This acid might be one of the lesser known AHAs. But dead cells are no match for this powerful ingredient.
Beta hydroxy acids (BHAs)
Beta hydroxy acids are similar to AHAs. But they go an extra step further by working at the inside of the pore to remove excess oil and dirt.
Salicylic acid is by far the most common type of beta hydroxy acid. As a BHA exfoliant, salicylic acid gets deeper than any chemical or physical exfoliators can, unclogging pores and shirking off dirt and debris.
It’s the perfect option for those looking for a deep cleanse without having to resort to physical exfoliation products. Plus, it has a UV protective effect on skin so it acts as your own chemical sunscreen! (Though you should still wear sunscreen as well.)
The best chemical exfoliants according to your skin type
By now, you must be wondering how different skin reacts to each of these chemical exfoliants. Below, you’ll find our quick guide to matching the right chemical exfoliants with their ideal skin types.
Acne prone skin needs a lot of cleansing and clearing out. That’s why many dermatologists recommend BHAs, particularly salicylic acid, when it comes to finding a safe and effective choice for treating acne.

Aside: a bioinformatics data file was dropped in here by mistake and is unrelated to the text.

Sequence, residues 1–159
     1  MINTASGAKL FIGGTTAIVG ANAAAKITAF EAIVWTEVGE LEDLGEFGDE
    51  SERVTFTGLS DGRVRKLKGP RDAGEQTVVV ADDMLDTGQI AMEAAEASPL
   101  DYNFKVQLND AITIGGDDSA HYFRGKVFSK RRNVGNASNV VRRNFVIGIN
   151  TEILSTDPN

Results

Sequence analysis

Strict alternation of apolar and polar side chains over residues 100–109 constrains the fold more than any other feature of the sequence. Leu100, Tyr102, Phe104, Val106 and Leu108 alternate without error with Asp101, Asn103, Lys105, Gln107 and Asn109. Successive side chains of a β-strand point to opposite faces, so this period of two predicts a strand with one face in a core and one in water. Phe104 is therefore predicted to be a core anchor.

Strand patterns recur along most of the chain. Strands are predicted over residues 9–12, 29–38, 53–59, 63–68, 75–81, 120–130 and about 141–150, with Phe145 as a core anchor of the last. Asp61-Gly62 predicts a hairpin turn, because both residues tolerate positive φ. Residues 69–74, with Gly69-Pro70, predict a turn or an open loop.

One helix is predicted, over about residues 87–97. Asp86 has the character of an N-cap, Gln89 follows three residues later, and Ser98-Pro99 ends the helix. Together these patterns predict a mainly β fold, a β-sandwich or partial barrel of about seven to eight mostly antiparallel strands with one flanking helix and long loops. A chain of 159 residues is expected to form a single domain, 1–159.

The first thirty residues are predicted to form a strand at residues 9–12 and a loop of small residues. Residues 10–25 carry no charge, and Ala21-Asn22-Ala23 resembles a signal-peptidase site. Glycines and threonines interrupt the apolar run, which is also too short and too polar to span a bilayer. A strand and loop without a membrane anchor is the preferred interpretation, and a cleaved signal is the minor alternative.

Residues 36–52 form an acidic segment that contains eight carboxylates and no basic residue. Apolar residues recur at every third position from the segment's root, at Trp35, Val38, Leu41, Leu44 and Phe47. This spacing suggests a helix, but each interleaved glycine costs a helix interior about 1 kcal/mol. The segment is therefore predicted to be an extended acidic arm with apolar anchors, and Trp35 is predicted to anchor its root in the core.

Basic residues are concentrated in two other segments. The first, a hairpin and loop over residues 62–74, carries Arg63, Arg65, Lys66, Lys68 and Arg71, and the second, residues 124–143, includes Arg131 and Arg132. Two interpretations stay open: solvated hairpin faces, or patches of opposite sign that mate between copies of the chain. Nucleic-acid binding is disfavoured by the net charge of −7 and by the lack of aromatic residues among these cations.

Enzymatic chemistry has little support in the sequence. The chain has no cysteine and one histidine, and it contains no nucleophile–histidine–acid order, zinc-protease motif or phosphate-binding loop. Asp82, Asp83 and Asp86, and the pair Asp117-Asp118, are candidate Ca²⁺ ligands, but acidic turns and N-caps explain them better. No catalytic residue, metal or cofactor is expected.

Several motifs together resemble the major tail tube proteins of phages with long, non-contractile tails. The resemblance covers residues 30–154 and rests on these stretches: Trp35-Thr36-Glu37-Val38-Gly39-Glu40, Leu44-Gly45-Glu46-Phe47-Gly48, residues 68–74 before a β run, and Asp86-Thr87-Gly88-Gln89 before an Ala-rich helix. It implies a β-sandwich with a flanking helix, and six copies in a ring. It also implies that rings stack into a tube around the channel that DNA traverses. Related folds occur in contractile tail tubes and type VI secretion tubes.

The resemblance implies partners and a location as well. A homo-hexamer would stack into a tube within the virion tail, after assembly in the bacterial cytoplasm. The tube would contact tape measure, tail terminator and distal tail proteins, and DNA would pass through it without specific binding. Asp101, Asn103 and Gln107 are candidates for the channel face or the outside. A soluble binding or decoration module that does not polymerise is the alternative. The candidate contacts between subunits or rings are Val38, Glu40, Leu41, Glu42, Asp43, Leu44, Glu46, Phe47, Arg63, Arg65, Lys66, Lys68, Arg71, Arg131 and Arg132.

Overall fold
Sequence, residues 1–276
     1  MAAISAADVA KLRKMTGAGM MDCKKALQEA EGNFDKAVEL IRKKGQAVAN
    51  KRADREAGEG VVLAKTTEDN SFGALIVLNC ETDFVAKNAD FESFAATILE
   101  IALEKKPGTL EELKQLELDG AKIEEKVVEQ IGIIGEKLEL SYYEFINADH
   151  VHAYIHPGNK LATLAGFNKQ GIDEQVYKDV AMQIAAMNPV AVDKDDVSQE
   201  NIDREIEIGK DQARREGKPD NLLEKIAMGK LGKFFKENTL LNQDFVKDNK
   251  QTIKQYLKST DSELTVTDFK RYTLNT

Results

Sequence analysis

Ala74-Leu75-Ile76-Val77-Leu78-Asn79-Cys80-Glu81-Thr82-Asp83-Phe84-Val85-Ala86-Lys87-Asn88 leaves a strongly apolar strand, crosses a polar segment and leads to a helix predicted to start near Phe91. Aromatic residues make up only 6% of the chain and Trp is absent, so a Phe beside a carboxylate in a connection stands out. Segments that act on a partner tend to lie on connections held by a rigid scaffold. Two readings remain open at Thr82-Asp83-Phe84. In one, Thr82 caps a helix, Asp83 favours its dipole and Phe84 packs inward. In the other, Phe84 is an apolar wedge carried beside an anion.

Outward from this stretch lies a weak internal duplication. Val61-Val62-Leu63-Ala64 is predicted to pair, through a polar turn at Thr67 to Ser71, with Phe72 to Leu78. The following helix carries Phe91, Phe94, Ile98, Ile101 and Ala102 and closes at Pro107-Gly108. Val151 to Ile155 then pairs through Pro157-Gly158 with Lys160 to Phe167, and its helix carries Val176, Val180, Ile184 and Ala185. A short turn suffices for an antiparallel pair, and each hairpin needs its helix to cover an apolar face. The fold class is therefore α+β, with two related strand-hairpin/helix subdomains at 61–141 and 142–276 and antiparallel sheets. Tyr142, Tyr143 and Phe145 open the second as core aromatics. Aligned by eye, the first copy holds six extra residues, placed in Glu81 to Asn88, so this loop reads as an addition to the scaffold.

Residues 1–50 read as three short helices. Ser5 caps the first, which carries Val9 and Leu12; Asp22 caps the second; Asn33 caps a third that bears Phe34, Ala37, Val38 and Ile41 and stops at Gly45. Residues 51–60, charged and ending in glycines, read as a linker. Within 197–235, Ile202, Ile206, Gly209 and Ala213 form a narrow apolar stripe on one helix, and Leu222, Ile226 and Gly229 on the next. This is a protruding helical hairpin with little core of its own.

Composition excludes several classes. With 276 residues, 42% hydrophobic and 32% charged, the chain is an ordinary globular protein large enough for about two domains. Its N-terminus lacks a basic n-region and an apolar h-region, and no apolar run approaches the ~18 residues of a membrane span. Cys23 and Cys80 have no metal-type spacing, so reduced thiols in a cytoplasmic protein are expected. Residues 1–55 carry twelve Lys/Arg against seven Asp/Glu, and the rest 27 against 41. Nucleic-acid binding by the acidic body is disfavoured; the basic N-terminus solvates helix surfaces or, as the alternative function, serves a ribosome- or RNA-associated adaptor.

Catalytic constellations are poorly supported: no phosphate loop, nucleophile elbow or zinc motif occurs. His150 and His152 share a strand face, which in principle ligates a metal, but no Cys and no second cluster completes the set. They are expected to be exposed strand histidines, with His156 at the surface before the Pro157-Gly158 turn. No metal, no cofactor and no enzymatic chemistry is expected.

Because BHAs target acne under the surface of the skin, they’re able to help control oil and shine better than AHAs. As always though, be sure to perform a patch test before using any chemical exfoliant on your skin.
Oily skin will similarly benefit from BHAs since these chemicals will deeply penetrate the pores the get rid of sebum. But be careful as over exfoliation may cause dry patches.
Always follow up with a water based moisturizer in your skin care routine. Even though your skin is oily, it still needs to be hydrated!
When it comes to sensitive skin, you’ll want to be especially careful with any type of exfoliation. Lactic and mandelic acids are considered the gentler chemical exfoliants of the bunch.
So consider either of these exfoliants a welcome addition to your sensitive skin care regimen.
While mixing acids typically isn’t recommended, you just might have to with combination skin. BHAs are great for clearing up pores but you’ll also want to follow up with an anti-inflammatory exfoliant as well.
Even consider looking into poly hydroxy acids to see if such chemical exfoliants meet the needs of your combination complexion.
Typically, dry skin isn’t in need of an exfoliant. But if you’re going to exfoliate, consider using lactic or tartaric acids for a gentle yet effective option.
These exfoliants won’t dry out your skin any more than it already is. And, as always, follow up with a hydrating ingredient like hyaluronic acid to make sure your skin stays refreshed and moisturized.
Say hello to fresh skin with these chemical exfoliators!
Chemical exfoliation is a great way to treat your skin without going to a salon every couple of days. With these tips, we hope you’ll be able to find the right exfoliating agent for your skin type.
And maybe even see a brighter and more even complexion than ever before!